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The Secrets to Setting Up a Trust in South Dakota

What does your estate plan currently look like? Do you even have an estate plan set up yet? Having an updated estate plan is an important component of financial wellness, but in many cases, there are substantial legacy, tax, and asset protection goals that a properly structured estate plan can serve. With these goals in mind, the Trust Law Counsel team at Goosmann Law Firm looks to South Dakota’s unique and favorable trust laws as one of the preeminent locations in which to establish trusts. Our legal team is experienced in helping our clients understand and utilize this “South Dakota Advantage.” Let’s dive into what makes the South Dakota advantage so valuable.

What gives South Dakota an advantage?

South Dakota has a comprehensive statutory framework, establishing an industry that promotes grantor sovereignty. In other words, the State of South Dakota allows the trust creator maximum flexibility when drafting a trust instrument, allowing them a huge amount of control over what happens when they pass away.

What are some of the specific advantages of having a South Dakota trusts?

  • Directed Trusts: South Dakota law allows the grantor, or trust creator, to divide trustee responsibilities between an administrative trustee (typically a professional trust company or financial institution hired to manage the day-to-day tasks of the trust), an investment advisor (to control investment decisions over trust assets), and a distribution advisor (to control when and how distributions are made from the trust). By dividing the traditional responsibilities three ways, a grantor can ensure that the appropriate individual or company manages each decision separately, rather than forcing one person to do it all. This also allows the grantor’s friends or family to play a role in administering the trust, without the administrative burden of daily trust administration.
  • Domestic Asset Protection Trust: The so called Domestic Asset Protection Trust, or DAPT, can be used to protect a grantor’s assets from his or her creditors. The unique law allowing a grantor to set up an asset protection vehicle for him or herself is not available in most states, but South Dakota laws allow just such an instrument. Prior to the enactment of laws supporting DAPTs, the only way for a grantor to retain access to his or her assets while protecting them against creditors was to form a trust under foreign law in certain offshore jurisdictions. But now, under modern trust laws in several states, a grantor can avoid the need to form an offshore trust in sometimes corrupt or less favorable jurisdictions, and retain the benefits of US law and governance, while protecting assets for himself or herself.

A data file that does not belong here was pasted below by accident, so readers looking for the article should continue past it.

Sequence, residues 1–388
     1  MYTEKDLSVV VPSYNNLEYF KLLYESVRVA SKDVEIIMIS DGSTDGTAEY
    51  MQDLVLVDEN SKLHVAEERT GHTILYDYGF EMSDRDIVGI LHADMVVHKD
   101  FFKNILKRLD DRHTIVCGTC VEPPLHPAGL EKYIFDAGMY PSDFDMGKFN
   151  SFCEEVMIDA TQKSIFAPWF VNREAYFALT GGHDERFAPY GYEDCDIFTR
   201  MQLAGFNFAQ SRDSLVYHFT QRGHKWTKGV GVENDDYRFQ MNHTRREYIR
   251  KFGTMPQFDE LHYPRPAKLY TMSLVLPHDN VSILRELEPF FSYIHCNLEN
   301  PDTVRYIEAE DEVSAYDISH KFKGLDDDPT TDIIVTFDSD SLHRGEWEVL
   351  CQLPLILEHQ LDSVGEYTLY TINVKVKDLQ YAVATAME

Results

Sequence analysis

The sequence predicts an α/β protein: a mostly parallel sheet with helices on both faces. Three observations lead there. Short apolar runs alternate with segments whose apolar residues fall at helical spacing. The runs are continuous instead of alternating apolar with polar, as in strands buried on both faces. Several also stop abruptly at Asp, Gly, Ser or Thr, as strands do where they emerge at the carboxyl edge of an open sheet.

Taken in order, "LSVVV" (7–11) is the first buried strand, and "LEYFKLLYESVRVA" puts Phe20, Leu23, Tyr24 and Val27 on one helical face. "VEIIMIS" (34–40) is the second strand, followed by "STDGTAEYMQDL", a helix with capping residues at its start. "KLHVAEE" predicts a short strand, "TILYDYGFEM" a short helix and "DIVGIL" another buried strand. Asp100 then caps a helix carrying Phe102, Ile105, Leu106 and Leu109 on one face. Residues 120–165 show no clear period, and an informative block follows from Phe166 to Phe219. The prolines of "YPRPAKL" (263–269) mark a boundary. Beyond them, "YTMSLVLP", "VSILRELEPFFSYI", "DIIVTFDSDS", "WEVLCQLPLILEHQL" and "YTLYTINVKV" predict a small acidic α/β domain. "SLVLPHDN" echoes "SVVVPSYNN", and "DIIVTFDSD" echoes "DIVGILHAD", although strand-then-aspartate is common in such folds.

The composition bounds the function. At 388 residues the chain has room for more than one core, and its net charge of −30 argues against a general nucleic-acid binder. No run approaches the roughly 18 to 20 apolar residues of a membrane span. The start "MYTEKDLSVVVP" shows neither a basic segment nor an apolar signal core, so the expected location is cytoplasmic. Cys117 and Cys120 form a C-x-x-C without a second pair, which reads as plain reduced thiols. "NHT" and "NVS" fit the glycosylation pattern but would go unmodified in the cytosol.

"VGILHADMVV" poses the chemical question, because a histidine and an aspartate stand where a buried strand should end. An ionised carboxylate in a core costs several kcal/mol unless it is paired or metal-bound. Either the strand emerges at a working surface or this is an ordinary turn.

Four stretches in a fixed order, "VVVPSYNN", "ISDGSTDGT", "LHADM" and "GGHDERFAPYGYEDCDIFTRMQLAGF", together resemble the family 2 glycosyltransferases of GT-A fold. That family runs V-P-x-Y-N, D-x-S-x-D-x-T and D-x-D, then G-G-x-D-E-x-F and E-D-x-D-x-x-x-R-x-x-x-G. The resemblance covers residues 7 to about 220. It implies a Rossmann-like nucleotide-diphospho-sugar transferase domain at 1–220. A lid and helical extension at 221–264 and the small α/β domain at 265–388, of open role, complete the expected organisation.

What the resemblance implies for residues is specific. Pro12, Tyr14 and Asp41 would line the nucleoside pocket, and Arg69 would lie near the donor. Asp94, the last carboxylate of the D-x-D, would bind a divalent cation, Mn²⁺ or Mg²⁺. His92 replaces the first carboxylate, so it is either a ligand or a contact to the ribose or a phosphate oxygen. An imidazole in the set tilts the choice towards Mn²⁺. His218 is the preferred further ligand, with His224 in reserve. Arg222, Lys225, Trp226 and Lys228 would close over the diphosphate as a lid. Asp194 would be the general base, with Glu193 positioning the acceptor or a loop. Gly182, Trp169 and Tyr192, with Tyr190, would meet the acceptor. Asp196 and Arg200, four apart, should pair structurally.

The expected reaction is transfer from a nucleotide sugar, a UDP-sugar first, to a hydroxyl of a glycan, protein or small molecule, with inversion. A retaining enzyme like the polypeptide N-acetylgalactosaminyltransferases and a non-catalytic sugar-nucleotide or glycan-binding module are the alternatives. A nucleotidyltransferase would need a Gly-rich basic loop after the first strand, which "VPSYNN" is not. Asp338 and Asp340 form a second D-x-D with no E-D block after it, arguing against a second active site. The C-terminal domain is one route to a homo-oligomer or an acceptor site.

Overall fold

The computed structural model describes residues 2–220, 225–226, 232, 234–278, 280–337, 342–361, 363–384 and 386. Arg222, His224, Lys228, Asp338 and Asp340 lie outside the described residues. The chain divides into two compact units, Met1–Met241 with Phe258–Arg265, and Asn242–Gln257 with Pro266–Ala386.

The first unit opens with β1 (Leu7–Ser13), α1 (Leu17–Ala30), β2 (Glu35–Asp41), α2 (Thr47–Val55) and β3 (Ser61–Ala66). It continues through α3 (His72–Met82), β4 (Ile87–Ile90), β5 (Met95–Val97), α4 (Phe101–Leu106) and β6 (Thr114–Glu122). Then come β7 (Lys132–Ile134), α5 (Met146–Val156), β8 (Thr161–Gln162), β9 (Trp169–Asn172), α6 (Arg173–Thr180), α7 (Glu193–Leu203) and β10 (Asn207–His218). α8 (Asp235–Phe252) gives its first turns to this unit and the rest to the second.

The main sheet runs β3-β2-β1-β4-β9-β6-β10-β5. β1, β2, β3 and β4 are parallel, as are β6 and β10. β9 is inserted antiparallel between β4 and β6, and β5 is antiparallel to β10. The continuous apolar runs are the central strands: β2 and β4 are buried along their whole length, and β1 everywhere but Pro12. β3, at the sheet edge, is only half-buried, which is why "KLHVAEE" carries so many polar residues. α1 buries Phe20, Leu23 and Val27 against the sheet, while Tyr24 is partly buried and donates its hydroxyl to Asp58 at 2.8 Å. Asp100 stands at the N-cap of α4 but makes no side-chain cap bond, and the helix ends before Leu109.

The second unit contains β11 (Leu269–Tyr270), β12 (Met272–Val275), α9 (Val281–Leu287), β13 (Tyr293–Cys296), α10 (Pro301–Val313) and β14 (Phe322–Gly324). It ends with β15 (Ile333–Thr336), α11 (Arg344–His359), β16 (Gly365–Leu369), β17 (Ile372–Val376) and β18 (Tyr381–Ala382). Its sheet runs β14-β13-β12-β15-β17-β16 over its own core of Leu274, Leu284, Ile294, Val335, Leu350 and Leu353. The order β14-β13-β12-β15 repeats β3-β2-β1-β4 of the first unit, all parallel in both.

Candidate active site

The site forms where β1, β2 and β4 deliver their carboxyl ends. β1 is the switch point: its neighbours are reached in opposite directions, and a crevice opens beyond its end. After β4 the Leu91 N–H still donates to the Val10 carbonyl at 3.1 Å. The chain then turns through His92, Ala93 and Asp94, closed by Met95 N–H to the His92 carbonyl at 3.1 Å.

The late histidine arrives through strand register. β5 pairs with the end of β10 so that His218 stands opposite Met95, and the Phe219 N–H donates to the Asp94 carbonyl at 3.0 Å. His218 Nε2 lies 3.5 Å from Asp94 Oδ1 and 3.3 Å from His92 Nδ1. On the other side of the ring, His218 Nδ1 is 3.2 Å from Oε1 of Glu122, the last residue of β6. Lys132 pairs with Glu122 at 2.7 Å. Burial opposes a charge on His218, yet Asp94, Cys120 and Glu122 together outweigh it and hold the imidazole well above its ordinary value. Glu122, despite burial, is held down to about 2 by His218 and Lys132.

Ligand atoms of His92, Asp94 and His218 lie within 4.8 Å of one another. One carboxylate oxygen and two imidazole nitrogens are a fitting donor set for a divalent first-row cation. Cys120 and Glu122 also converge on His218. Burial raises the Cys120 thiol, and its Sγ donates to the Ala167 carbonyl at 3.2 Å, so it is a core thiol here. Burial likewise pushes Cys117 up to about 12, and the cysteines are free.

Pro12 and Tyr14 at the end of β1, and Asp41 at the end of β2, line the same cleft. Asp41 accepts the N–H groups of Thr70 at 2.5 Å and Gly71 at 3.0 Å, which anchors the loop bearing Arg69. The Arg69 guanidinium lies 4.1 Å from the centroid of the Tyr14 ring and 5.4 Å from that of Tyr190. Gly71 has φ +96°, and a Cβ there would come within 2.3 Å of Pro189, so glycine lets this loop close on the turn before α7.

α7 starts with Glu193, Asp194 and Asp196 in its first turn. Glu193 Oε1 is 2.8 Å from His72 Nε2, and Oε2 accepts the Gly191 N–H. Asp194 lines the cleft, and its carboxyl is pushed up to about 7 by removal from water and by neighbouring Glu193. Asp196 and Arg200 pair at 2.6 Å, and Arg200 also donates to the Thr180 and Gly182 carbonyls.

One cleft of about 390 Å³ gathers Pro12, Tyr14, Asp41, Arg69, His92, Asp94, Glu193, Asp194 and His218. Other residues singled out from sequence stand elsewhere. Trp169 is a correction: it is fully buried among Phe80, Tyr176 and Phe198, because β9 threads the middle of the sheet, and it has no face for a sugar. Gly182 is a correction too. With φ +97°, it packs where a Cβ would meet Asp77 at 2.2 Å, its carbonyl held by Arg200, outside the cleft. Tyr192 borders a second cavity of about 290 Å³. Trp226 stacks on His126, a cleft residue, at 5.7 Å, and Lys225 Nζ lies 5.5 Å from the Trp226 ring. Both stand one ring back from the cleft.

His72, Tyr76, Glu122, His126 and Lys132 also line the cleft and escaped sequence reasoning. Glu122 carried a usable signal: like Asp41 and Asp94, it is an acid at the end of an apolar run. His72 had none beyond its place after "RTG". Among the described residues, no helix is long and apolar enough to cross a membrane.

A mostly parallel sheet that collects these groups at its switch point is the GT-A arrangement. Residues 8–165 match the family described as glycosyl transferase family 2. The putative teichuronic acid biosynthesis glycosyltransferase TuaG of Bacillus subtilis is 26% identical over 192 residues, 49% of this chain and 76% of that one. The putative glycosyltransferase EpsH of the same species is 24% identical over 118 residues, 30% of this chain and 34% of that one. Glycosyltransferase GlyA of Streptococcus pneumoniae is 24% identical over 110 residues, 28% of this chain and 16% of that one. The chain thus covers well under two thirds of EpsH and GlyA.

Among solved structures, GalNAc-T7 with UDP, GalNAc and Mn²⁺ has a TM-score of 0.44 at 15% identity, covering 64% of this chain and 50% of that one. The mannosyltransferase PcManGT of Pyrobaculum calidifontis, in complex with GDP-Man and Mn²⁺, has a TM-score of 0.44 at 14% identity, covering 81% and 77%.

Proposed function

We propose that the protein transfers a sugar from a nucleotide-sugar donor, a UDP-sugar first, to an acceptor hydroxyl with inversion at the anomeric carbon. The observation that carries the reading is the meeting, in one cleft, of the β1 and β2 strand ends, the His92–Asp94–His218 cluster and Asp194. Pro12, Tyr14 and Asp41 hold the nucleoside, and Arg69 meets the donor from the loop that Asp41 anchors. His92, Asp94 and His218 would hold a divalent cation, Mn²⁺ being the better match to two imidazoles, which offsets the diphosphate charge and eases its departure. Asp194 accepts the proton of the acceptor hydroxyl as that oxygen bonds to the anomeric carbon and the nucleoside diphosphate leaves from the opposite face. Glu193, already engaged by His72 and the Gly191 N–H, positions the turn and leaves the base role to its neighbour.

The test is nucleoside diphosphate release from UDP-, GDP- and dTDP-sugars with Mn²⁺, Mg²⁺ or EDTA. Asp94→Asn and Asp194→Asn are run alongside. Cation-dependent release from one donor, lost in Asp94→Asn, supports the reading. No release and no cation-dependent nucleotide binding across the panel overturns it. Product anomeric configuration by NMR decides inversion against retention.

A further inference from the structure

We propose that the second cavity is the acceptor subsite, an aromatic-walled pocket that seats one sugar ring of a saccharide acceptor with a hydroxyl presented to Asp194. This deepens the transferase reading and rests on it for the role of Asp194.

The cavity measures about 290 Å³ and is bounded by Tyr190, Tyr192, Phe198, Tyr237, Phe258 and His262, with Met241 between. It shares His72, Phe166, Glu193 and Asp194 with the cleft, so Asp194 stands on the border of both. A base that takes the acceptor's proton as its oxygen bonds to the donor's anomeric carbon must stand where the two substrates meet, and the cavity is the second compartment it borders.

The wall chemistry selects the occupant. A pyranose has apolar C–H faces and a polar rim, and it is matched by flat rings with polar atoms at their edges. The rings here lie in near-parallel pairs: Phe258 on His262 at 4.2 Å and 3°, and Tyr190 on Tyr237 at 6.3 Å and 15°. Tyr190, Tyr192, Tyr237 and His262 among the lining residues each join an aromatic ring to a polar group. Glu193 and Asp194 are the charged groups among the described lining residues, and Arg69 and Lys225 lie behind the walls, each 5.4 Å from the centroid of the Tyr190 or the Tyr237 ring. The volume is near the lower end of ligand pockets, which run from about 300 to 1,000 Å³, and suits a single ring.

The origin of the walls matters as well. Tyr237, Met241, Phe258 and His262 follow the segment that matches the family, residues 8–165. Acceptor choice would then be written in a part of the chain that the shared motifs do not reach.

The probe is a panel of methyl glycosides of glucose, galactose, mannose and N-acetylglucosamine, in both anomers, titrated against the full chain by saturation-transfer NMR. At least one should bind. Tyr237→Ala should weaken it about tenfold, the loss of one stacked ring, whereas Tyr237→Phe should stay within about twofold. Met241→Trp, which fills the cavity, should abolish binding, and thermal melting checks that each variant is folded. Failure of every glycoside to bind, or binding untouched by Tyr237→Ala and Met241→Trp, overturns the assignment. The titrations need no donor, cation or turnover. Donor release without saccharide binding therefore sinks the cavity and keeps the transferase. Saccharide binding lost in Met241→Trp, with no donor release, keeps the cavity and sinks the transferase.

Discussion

• Dynasty Trusts: Another antiquated trust rule, which South Dakota has abolished, is the Rule Against Perpetuities. This rule stated that a trust must cease to exist after a certain period of time, often during the lives of the grantor’s grandchildren or great-grandchildren. In South Dakota, without this rule, a grantor can establish a trust set to benefit their family or a specific purpose for many years or into perpetuity.
  • No State Income or Inheritance Tax: Not only does South Dakota law offer flexible and favorable trust administration, but because of its perennially low tax environment, South Dakota offers a favorable tax advantage to those grantors who select a South Dakota situs for their trust. In some cases, grantors can utilize South Dakota trusts to situs assets out of their personal income tax jurisdiction in another state. Furthermore, trusts paying taxes in the State owe no state income taxes so long as they maintain South Dakota situs. This combined with no risk of a large state inheritance tax at the passing of the grantor makes South Dakota one of the best trust tax jurisdictions in the nation.

How can you benefit from the South Dakota Advantage without living there?

The biggest hurdle to cross to establish South Dakota as the trust situs for any trust is the selection of a trustee. In order to qualify for South Dakota situs, a trust must be administered by a South Dakota resident trustee, whether individual or corporate. Because of this requirement, there are a number of highly qualified and capable companies in the State that can serve in this role. And, because of South Dakota’s directed trust framework, the in-state trustee need not manage all investment and distribution decision making, instead leaving that to someone else more qualified to make those decisions, whether in-state or out-of-state. Of course, depending on the goals for the trust planning at hand.

With one of our four Goosmann Law Firm locations in Sioux Falls our team is ready and willing to help you explore how the South Dakota Advantage can benefit your planning. If you need help navigating the complexities of estate planning or the South Dakota Advantage, contact Goosmann Law Firm at 855-909-4442.